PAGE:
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Günther Förg (1952-2013)
Artist's Resale Right ("Droit de Suite"). Artist's… Read more
Günther Förg (1952-2013)


Günther Förg (1952-2013)
each: signed and dated ‘Förg 90’ (on the reverse)
acrylic on lead, in four parts
overall: 39.3/8 x 56¼in. (100 x 142.9cm.)
Executed in 1990
Davis McClain Gallery, Houston.
Acquired from the above by the present owner in 1990.
Günther Förg, exh. cat., Kassel, Museum Fridericianum Kassel, 1990 (illustrated in color, pp. 32-33). This exhibition later travelled to Ghent. Museum van Hedendaagse Kunst Gent; Leipzig, Museum der Bildenden Kunste Leipzig; Tubingen, Kunsthalle Tubingen and Munich, Kunstraum Munchen.
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Post Lot Text
We are most grateful to Mr. Michael Neff from the Estate of Günther Förg for the information he has kindly provided.

Lot Essay

The works conceived by Jannis Kounellis, Günther Förg and Cornelia Parker presented over the following pages interrogate the significant changes which occurred within artistic practices concerning the relationship between the art object and its material form. Finding precedent in a diverse set of twentieth century modernist practices which began to reconceive artistic media as art objects in and of themselves, these artists have borne out this legacy in their own disparate practices.

Kounellis’s Untitled bears witness to the artist’s signature employment of raw materials in his attempt to redefine our experience of daily existence. Part of the artist’s landmark 1994 solo exhibition Cargo Ionion: Jannis Kounellis, held on board a cargo ship, the work’s haunting corporeal quality is achieved through its enigmatic combination of iron and burlap sacking to create an unknowable form that affirms its presence through repetition. In a superb homage to the aesthetics of Arte Povera and the Industrial Age, the work celebrates the power of humble materials to challenge the perceptual relationship between art and everyday reality.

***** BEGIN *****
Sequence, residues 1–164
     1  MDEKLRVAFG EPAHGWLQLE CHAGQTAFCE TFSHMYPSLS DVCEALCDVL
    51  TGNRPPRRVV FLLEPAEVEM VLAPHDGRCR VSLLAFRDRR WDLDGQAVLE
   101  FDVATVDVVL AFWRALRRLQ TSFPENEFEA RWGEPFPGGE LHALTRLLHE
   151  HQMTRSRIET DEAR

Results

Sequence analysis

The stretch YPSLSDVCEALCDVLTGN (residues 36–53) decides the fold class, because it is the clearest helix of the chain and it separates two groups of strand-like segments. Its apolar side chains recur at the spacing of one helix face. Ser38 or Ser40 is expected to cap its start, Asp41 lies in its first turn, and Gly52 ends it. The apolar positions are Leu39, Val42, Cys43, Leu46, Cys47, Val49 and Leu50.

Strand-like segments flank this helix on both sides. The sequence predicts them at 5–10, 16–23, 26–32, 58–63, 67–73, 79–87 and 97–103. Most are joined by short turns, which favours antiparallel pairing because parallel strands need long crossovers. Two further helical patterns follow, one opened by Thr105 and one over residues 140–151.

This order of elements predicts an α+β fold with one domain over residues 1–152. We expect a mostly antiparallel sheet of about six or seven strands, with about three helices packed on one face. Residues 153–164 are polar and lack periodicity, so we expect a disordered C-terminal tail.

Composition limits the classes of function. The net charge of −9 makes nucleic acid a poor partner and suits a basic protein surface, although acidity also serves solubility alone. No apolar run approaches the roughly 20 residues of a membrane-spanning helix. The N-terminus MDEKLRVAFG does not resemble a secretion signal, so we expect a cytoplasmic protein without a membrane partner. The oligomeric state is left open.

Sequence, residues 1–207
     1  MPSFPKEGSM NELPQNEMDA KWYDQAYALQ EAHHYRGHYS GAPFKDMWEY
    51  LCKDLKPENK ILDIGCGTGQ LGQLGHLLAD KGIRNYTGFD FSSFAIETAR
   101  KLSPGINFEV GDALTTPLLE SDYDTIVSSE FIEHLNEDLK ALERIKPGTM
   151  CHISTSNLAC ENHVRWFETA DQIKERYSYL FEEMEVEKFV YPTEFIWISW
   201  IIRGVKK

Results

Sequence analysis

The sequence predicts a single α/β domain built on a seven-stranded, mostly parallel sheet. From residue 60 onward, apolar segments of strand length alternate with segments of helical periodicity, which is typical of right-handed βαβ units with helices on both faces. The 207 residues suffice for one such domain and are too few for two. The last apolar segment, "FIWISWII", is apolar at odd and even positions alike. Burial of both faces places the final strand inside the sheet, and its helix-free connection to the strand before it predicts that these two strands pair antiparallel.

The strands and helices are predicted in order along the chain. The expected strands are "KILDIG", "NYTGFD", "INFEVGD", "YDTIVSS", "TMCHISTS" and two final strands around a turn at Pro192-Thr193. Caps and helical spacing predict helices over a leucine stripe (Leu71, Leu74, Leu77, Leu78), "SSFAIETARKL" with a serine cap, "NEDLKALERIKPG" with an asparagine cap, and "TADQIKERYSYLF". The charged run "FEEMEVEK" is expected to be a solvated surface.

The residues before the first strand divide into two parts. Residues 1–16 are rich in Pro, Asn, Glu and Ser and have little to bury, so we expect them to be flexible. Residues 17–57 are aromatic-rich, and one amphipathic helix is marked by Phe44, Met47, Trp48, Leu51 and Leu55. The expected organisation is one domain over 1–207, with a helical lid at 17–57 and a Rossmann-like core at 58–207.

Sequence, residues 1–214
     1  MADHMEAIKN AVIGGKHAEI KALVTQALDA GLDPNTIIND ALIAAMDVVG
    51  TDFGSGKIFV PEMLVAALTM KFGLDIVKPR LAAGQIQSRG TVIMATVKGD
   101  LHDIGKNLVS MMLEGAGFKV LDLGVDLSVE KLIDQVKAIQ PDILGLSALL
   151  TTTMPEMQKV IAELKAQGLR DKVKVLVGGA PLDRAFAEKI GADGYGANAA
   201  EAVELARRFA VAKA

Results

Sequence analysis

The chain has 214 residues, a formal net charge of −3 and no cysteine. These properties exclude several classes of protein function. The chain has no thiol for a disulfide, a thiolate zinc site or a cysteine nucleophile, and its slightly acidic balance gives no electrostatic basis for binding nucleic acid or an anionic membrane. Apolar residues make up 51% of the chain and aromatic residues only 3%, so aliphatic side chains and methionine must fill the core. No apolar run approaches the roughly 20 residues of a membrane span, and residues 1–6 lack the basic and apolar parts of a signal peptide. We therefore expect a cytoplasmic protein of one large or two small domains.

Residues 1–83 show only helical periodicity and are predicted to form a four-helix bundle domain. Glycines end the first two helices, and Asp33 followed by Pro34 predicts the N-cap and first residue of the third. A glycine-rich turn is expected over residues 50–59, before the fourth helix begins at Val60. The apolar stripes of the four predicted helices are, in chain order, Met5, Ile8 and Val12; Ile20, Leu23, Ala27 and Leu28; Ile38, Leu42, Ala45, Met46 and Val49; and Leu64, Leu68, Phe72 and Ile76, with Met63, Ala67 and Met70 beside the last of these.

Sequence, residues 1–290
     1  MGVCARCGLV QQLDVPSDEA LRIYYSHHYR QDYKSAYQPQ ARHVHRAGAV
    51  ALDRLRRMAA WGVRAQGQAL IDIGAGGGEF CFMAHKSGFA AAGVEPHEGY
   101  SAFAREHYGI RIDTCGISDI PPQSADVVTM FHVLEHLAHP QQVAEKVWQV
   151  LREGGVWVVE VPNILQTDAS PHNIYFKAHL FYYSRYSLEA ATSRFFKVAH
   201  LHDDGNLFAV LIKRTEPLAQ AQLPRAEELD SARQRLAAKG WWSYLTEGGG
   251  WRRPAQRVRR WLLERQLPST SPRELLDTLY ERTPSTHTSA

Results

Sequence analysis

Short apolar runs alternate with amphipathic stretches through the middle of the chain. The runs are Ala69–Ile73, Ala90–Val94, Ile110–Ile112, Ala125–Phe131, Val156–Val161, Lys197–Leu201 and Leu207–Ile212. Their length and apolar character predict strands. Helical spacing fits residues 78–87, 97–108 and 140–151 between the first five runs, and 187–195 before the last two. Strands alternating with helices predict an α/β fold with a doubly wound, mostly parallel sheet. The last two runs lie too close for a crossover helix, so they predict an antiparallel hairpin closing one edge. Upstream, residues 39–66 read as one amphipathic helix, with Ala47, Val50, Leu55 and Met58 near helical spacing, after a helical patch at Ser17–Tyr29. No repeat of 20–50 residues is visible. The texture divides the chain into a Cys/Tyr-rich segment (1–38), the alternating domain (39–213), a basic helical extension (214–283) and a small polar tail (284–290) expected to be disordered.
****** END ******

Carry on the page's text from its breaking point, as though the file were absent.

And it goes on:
Förg’s striking lead painting Untitled exemplifies the artist’s desire to explore the essence of his materials, aspiring, as he put it, ’to get this feeling of depth, that lead gives the painting a very heavy feeling, it gives colour a different density and weight’ (G. Förg, quoted in D. Ryan, Talking Painting: Dialogues with Twelve Contemporary Abstract Painters, London 2002, p. 77). Executed in 1990, this elegant wall installation is comprised of four sheets of painted lead, edged with green acrylic. Förg’s use of colour in this way provides a searing visual contrast to the heaviness of the metal, and imbues the work with a radiant, back-lit quality. The optical proprieties of the lead itself, which absorbs and captures light, are enhanced by thin oxide layers of paint to obtain infinite modulations of hues. Untitled adeptly illustrates Förg’s aim to expand the painterly field, transforming solid media into evanescent objects with enigmatic spatial properties.

Cornelia Parker, an artist deeply concerned with the nature of objectivity, creates a captivating geological tapestry in A Side Of England. Featuring chalk retrieved from a cliff fall at Beachy Head, the work presents a startling reimagining of this natural edifice, creating a constellation of broken fragments. This gleaming white textured terrain seems to invoke an alternative world, an extra-terrestrial landscape born of base and earth-bound materials.

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